Tjungu Palya: The innovators
Tjungu Palya Art Centre shows us that the most amazing things can often come in the smallest packages.
Words: Andrew Nicholls
Since 2006, Tjungu Palya has represented artists from the tiny communities of Kanpi, Nyapari and Watarru, on the Pitjantjatjara Lands,around 100 kilometres south of Uluru. Described by manager Benji Bradleyas “a very small Art Centre with a large cultural presence”, it is in fact the smallest on the Anangu Pitjantjatjara Yankunytjatjara (APY)Lands.Nonetheless, it wields powerful influence and a national reputation for high quality work, as well as a high level of innovation.
A case in point is the substantial commercial and critical success of the Painting on Country project, instigated by senior law man Keith Stevens, and curated by Nici Cumpstonfor TARNANTHIin 2017. A series of breath-taking, limited-edition photographic prints documenting ephemeral white pigment paintings at various sacred sites on Country, the show typified the Art Centre’s explorative approach to facilitating connection with the land, and intergenerational knowledge-sharing. “When Anangusit down on Country we are happy,” Stevens states. “When I am outside painting with my family, I feel peaceful, you can see that in this project”. The series was acquired by the Art Gallery of South Australia, and numerous international collections, with only one set currently remaining unsold. Similarly,Ngayulu Mantangka Walkatjunanyi (I am Drawing in the Sand),a group exhibition of 36 works on paper at Darwin’s Outstation Gallery in mid-2017, saw senior artists explore the new medium of ink drawing. The entire suite of workswas acquired by Artbank.
While expanding the practices of its senior artists, this explorative approach has also allowed younger artists to assert themselves. Rising star Teresa Bakerhas established an impressive profile in recent years, following up her inclusion in Melbourne’s Australian Centre for Contemporary Art’s Painting. More Paintingwith a sell-out show at Vivien Anderson Gallery. “Melbourne is a big city with berampa tjuta(many whitefellas), but a lot of people know about my paintings,” she observes.Baker was one of three Tjungu Palya artists to travel to Switzerland earlier this year for a survey of collector Berengere Primat’s Aboriginal acquisitions, thetrip highlighting the attention the Art Centre has received from Europe in recent years via the sale of numerous major works. “I’m so happy that people in the cities want to learn about Ananguand our tjukurpa(stories),” says the artist.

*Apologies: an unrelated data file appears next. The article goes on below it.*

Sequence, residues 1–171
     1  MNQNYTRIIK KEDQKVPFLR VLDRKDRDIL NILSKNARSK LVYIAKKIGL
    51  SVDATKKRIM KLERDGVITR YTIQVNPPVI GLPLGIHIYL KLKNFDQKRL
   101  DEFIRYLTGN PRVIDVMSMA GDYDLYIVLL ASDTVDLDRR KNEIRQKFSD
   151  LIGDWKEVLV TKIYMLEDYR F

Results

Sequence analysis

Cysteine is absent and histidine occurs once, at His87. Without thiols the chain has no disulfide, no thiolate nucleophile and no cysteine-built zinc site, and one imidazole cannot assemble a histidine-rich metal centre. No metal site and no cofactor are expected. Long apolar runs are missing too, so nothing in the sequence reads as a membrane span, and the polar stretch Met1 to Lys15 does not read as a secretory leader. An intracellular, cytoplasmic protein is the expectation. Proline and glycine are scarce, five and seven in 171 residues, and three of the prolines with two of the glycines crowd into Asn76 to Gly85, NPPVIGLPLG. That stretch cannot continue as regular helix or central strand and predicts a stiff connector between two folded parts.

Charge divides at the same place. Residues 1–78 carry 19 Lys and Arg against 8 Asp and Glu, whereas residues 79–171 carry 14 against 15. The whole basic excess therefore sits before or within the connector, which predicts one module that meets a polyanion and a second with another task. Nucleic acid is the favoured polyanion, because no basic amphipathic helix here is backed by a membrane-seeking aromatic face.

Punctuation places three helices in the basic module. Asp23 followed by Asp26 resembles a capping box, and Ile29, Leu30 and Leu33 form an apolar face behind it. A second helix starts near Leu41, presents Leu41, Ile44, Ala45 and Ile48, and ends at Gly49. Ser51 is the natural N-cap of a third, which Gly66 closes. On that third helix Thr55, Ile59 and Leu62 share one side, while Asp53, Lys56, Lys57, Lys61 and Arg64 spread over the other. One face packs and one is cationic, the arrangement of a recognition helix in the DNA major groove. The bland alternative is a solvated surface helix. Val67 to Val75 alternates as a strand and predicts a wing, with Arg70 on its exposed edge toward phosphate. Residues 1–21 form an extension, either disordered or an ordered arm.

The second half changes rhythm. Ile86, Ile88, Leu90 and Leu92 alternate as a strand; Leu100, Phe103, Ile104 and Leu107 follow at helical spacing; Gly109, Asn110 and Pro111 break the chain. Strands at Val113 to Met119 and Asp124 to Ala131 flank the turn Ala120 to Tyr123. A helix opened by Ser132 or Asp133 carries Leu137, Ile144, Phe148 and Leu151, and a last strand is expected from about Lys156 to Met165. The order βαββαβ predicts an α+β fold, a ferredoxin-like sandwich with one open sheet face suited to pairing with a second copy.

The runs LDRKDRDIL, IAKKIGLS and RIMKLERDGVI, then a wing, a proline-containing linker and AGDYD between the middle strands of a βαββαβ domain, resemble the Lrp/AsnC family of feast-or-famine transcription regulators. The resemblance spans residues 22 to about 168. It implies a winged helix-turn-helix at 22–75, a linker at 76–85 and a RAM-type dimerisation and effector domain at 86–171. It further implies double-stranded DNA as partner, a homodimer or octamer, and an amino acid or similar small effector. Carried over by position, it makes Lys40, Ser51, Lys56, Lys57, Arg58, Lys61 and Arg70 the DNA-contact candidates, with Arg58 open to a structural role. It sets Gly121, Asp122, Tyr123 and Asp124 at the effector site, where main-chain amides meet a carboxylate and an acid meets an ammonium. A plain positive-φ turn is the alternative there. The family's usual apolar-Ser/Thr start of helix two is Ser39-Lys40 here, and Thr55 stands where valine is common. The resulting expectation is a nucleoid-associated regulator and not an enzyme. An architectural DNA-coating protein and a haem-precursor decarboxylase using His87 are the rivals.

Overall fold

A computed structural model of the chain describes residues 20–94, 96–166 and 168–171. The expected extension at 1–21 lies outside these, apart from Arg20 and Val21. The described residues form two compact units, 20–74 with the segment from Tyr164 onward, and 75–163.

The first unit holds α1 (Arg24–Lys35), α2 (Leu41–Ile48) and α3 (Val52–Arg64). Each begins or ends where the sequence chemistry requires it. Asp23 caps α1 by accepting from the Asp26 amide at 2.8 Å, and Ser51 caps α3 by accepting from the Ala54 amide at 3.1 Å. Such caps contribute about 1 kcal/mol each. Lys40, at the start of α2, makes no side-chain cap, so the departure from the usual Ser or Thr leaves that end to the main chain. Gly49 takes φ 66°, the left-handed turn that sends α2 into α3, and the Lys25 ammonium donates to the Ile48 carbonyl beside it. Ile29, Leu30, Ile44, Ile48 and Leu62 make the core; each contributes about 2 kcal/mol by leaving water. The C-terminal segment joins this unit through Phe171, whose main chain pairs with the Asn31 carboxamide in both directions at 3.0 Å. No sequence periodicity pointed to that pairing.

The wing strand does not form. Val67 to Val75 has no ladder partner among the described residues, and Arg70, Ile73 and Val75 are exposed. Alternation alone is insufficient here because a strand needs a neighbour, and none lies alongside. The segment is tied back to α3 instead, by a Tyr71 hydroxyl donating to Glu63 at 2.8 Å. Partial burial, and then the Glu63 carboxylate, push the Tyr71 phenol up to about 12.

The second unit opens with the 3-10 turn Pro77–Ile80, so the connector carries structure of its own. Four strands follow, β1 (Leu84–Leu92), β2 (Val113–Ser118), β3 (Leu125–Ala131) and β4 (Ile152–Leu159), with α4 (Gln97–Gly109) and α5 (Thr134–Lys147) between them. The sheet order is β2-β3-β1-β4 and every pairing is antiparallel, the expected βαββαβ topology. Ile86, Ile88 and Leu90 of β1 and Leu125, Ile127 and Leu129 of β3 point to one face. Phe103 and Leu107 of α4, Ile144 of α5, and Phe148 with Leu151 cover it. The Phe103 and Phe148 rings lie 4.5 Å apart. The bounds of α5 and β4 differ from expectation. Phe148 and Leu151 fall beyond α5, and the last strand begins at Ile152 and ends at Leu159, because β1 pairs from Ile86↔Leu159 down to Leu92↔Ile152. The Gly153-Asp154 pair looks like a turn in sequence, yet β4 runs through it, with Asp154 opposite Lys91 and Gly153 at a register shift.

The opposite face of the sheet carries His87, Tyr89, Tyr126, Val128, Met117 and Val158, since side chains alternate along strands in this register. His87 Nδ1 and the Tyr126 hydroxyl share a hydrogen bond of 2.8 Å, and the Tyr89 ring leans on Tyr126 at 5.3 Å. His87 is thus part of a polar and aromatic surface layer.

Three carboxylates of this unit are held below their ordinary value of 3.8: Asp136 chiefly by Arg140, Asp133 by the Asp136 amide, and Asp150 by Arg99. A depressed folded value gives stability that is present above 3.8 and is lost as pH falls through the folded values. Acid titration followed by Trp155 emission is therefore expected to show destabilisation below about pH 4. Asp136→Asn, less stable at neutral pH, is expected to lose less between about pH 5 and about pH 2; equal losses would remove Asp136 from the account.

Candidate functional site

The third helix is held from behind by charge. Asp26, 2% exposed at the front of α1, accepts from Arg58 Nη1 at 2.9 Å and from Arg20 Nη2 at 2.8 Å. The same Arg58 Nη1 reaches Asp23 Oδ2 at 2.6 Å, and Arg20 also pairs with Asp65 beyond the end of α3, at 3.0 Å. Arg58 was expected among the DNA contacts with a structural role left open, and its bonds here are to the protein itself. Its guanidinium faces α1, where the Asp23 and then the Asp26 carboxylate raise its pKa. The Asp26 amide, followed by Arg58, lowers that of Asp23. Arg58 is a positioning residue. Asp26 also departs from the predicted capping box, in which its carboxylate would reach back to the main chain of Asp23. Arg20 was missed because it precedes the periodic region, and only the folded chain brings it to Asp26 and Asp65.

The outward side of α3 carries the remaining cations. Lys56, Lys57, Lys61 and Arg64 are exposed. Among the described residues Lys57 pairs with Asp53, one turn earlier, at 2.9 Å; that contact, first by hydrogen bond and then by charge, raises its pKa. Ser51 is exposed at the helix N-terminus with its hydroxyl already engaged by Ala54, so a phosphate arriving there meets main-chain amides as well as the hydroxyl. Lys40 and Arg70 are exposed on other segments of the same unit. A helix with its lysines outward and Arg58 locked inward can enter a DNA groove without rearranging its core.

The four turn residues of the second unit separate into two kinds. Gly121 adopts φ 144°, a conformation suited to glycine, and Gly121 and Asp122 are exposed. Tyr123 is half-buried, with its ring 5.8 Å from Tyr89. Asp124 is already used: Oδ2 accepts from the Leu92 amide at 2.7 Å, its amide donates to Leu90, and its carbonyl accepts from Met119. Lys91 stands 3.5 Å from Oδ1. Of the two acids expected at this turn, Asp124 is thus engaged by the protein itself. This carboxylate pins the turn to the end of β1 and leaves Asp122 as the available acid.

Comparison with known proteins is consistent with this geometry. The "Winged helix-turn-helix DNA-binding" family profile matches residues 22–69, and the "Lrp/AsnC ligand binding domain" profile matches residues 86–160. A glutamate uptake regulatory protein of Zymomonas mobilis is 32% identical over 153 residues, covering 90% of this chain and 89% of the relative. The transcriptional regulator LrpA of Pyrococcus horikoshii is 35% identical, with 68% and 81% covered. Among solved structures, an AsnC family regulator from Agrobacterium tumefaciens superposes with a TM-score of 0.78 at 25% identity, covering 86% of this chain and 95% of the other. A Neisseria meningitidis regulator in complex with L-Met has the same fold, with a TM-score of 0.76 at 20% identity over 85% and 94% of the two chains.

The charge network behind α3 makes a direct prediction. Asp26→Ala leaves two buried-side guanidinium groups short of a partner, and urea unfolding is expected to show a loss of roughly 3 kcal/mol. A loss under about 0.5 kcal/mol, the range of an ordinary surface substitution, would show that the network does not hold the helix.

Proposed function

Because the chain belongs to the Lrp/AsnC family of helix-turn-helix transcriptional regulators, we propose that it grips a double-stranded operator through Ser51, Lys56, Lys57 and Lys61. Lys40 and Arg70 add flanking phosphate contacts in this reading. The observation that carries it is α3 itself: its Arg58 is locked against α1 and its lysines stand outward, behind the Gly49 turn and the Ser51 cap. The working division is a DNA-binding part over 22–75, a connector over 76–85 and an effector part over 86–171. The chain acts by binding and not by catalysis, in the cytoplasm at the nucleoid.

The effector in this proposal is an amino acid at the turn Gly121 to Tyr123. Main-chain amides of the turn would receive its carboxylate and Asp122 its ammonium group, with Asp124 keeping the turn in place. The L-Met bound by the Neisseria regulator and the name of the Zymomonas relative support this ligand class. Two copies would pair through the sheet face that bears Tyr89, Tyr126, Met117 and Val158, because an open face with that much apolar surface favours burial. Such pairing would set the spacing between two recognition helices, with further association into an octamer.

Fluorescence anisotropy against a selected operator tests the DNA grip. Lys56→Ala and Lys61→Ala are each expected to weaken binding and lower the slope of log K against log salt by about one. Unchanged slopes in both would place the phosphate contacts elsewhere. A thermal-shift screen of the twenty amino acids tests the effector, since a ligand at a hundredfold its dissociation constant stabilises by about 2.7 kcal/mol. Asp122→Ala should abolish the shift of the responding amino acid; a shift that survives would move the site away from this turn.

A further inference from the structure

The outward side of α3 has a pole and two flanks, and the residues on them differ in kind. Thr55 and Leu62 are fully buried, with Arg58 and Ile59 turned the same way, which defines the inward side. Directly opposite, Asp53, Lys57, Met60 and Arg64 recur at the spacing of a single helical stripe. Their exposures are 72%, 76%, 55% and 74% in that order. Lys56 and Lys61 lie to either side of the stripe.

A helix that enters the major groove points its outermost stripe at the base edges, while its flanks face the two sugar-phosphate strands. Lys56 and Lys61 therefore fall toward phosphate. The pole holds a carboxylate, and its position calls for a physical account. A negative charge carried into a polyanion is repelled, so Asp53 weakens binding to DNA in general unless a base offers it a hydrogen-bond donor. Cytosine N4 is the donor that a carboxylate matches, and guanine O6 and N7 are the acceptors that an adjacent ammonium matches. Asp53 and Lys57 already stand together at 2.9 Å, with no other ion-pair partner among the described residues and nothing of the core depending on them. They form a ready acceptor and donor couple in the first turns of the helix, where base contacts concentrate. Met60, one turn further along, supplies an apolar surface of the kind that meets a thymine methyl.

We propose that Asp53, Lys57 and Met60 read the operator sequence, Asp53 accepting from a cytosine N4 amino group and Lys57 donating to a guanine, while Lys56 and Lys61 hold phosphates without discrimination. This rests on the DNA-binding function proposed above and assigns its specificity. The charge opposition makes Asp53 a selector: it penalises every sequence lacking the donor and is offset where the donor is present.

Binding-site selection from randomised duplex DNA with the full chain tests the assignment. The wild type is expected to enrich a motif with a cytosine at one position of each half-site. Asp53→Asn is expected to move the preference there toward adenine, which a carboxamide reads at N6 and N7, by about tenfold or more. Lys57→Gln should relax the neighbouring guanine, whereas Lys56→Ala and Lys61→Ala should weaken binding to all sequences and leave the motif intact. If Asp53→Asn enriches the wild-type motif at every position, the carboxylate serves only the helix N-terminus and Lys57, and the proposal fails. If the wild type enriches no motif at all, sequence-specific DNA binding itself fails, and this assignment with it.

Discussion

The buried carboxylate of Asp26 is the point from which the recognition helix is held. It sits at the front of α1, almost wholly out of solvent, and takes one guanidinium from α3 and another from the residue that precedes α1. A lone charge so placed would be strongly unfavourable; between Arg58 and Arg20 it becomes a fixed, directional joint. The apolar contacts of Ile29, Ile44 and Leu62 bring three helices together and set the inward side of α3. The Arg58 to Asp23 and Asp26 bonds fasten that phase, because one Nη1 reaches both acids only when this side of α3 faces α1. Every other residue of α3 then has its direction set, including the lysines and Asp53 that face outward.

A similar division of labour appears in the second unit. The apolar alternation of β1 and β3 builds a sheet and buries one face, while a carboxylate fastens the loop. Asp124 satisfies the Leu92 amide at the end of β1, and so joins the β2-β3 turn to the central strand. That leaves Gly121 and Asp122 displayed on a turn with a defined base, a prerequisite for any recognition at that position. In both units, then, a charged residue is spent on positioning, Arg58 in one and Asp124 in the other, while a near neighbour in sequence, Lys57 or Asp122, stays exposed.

Tjungu Palya’s innovation also extends to its business model, recently streamlining its output to focus exclusively on the creation of fewer, but more culturally-potent, large-scale works targeted at major prizes, acquisition by institutions and international markets. It is a strategy that “naturally leads to far lower production than other Art Centres”, notes Bradley, but “the benefits of this are numerous. Artists have more time to be outside, looking after Country and attending to cultural business.” The approach seems to be paying off; 2017 was an almost-sell-out year for the Tjungu Palya, with 2018 proving equally as strong to date.
Tjungu Palya will show a series of nine masterworks by the Art Centre’s leading artists at Vivien Anderson Gallery, from 31 October to 24 November 2018.
This article was originally published in Art Collector issue 86, October to December 2018.